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ERIC Number: EJ869405
Record Type: Journal
Publication Date: 2009-Dec
Pages: 5
Abstractor: As Provided
Reference Count: 0
ISSN: ISSN-0732-3123
An Alternative Framework to Evaluate Proof Productions: A Reply to Alcock and Inglis
Weber, Keith; Mejia-Ramos, Juan Pablo
Journal of Mathematical Behavior, v28 n4 p212-216 Dec 2009
In a recent paper, Alcock and Inglis (in press) noted a distinction between the way that Weber (in press) and they defined syntactic and semantic proof productions. Weber argued that "a syntactic proof production occurs when one works predominantly within the representation system of proof [...] Alternatively, a semantic proof production occurs when much of the prover's work takes place [outside] the representation system of proof". Alternatively, Alcock and Inglis cited their definition that "during a syntactic proof production, the prover works entirely... within the representation system of proof" whereas "during a semantic proof production, the prover works, at least in part, in a different representation system" (Alcock & Inglis, 2008). The authors then illustrated how using different definitions can lead to different classifications of some proof productions and argue that their characterization is preferable. Alcock and Inglis (in press) contended that by focusing on students' ability to translate between representation systems, their terminology captures the fundamental aspect of this distinction, while at the same time remaining "sufficiently well-specified for classifying all existing published case-studies on undergraduate proof production" and "useful for analyzing large-scale datasets" (a test that they believed should be pivotal in determining which framework to adopt). Alcock and Inglis further argued that, in contrast, Weber's (in press) set of definitions relied upon "an as yet unspecified metric for gauging the amount of work conducted in each representation system" (making it hard to employ in the analysis of large datasets) and failed to recognize an important asymmetry between the status of representation systems involved in undergraduate proof productions.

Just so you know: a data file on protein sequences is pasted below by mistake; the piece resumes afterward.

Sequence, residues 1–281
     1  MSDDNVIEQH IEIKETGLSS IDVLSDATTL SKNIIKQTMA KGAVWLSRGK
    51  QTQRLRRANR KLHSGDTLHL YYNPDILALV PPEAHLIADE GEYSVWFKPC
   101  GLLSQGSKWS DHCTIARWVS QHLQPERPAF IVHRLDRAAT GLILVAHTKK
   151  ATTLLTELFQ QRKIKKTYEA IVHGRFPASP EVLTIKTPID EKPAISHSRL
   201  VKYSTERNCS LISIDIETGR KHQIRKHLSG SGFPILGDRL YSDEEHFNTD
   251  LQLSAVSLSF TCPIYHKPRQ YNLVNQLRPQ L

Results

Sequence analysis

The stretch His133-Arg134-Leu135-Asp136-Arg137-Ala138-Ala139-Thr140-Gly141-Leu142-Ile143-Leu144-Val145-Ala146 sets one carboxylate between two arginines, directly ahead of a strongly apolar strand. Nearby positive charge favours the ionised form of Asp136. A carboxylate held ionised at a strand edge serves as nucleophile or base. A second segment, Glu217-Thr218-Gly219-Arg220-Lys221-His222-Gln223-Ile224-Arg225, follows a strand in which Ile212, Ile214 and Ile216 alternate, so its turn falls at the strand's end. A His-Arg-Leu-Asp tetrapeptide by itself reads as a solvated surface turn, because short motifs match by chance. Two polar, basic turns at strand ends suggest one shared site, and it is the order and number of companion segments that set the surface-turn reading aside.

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Publication Type: Journal Articles; Opinion Papers
Education Level: Higher Education
Audience: N/A
Language: English
Sponsor: N/A
Authoring Institution: N/A